Family therapist and author, Frank Pittman, posed the following question to a group of 4 to 8-year olds: “Love is what makes you smile when you’re tired.” “Love is what’s in the room with you at Christmas if you stop opening presents and listen.” “Love is when you tell a guy you like his shirt, then he wears it everyday.” “You really shouldn’t say ‘I love you’ unless you mean it. But if you mean it, you should say it a lot. People forget.”
If there is a more slippery word in the English language, I don’t know what it is. Lots of stuff people do in the name of love is not love. In fact, I think we have done to love like we’ve done to bacon, or rather bacon bits. Looks like bacon, smells and tastes mostly like bacon, but do you know what they are? Vegetable protein, artificial flavors and colors—not bacon.
Love is used for “things” that are related to each other but are bit different.
There is love that is really just a strong preference for something or somewhere, as in “I love a new car smell,” “I love New York.” “Don’t you just love Denise’s new home?” Then there’s the ubiquitous red heart: “I heart sailing,” “I heart Florida,” “I heart pasta.” But this is really not love; it’s a preference.
Another close relation to love is when we love someone if they love us, as in if they do nice things for us. And this can include people we’re very close to. Now I’m not saying we don’t love them but love isn’t what is occurring at the time when we’re demanding/expecting a transaction or a quid pro quo.
A good test of this is if you give a gift or go out of your way to serve someone, and then they don’t show appreciation. Give your spouse or partner a fantastic neck or back rub and expect nothing in return. Then if you’re shown little appreciation or thanks, check how you’re feeling right then. If you’re angry or resentful, that’s not love. That’s expectation.
Another favorite cousin is the euphoria of love. This is pop culture’s favorite foil for the real thing. Movies, songs, advertisements all romanticize and emotionalize love as the falling in love, the love at first sight. This is love as a feeling, a high, an adrenaline rush, a hormonal high tide pumping through the brain and body system. This love is often a lot closer to lust than it is to love. But like many things in life, the good Lord is able to work with what is and make it into what it’s supposed to be.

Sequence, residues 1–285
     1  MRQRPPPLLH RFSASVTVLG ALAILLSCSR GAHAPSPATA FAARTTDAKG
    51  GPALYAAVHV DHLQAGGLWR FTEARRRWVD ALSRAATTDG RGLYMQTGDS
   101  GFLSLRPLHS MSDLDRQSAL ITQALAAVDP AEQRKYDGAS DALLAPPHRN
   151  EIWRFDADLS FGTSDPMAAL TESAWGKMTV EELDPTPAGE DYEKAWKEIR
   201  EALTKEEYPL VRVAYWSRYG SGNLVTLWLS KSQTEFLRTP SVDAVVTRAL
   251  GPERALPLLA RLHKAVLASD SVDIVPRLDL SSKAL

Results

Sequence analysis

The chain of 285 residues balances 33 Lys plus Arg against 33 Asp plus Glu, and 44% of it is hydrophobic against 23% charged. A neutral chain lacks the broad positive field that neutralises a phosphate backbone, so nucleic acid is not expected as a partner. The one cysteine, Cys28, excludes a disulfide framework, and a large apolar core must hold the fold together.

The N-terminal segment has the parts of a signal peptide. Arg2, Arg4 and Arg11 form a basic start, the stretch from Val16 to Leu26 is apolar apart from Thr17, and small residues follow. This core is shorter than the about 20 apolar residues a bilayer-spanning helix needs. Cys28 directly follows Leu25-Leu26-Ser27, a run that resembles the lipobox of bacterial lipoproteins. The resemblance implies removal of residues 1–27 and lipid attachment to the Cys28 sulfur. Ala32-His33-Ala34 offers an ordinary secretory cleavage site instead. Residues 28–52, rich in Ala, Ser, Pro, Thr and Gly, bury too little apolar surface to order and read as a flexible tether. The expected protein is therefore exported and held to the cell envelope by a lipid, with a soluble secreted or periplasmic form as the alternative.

So what is love? One woman who had been married twenty years and had six children said this way: “Love is what you have been through with somebody.” This is exactly right because if love is anything, it’s about the whole package: for better or worse, for richer or poorer, in sickness and in health.
When it’s all said and done, love is the miracle that gives meaning to our lives.
In our reading love comes to the forefront. The word love dominates 1 John 4:7-5:3. It will show up 32 times in this section alone and 43 in the entire letter. John begins 4:7 as he began 4:1, “Beloved” (agapetoi), or “dear friends.” It is both a term of tenderness and transition to a new subject. The new subject is love. John’s overall discussion has a double peak in 4:8 and 16 when he declares twice, “God is love.”
In a real sense John is the expert on love. Paul is the apostle of faith. James is the apostle of works. Peter is the apostle of hope, but John is the apostle of love.
In our reading John insists that love is the very nature of God, the very being of God. God is both love as a verb and as a noun, perfectly united, action and essence.
But John doesn’t just leave it at this. You see, John doesn’t really care about making a theological statement. He informs us in order to transform us.
That’s why the statement, God is love, isn’t a statement as much as it is an equation. And it goes like this: Because God is love and because we are from God, then we are to be loving. Or because God is love and God loved us then we who want to be like God are to love. Or since God is love and God loved us we are only as real and a part of God as we are what God is and do what God does.
But the truth is we see many damaged and broken lives. And so, it’s not a difficult leap to go from what we see and know is true to asking how we Christians can claim God is love. If there’s so little of this, how come the Bible says this is what God is? I guess the shortest answer would be, we’re often a long way from home.
Fred Craddock is a great preacher and a great story-teller. One of his stories took place on a trip in which he and his wife went back to their native Tennessee. They drove up to a small restaurant in Gatlinburg, tired and hungry.
As they sat down and settled in, Fred looked up from the menu and saw
a gray-headed older man going from table to table speaking to customers. Fred turned to his wife and with fatigue said, “Oh, I hope he doesn’t come to our table.”
But, lo and behold, he came and stood by their table. He said, “What do you do?” “I teach homiletics. I teach people how to preach.” “That’s good,” said the stranger, “I have a preacher’s story for you,” and he pulled up a chair and sat down.
“I was born not far from here, just over the mountain. My mother had never been married, and the shame that fell on her also fell on me. When I went to school they called me such horrible names that I would take my lunch and go out onto the playground and eat alone. But the worst was on Saturdays when I would have to go into town. I could hear people whispering behind my back, ‘Who do you think his father is? Honestly, who’s his father?’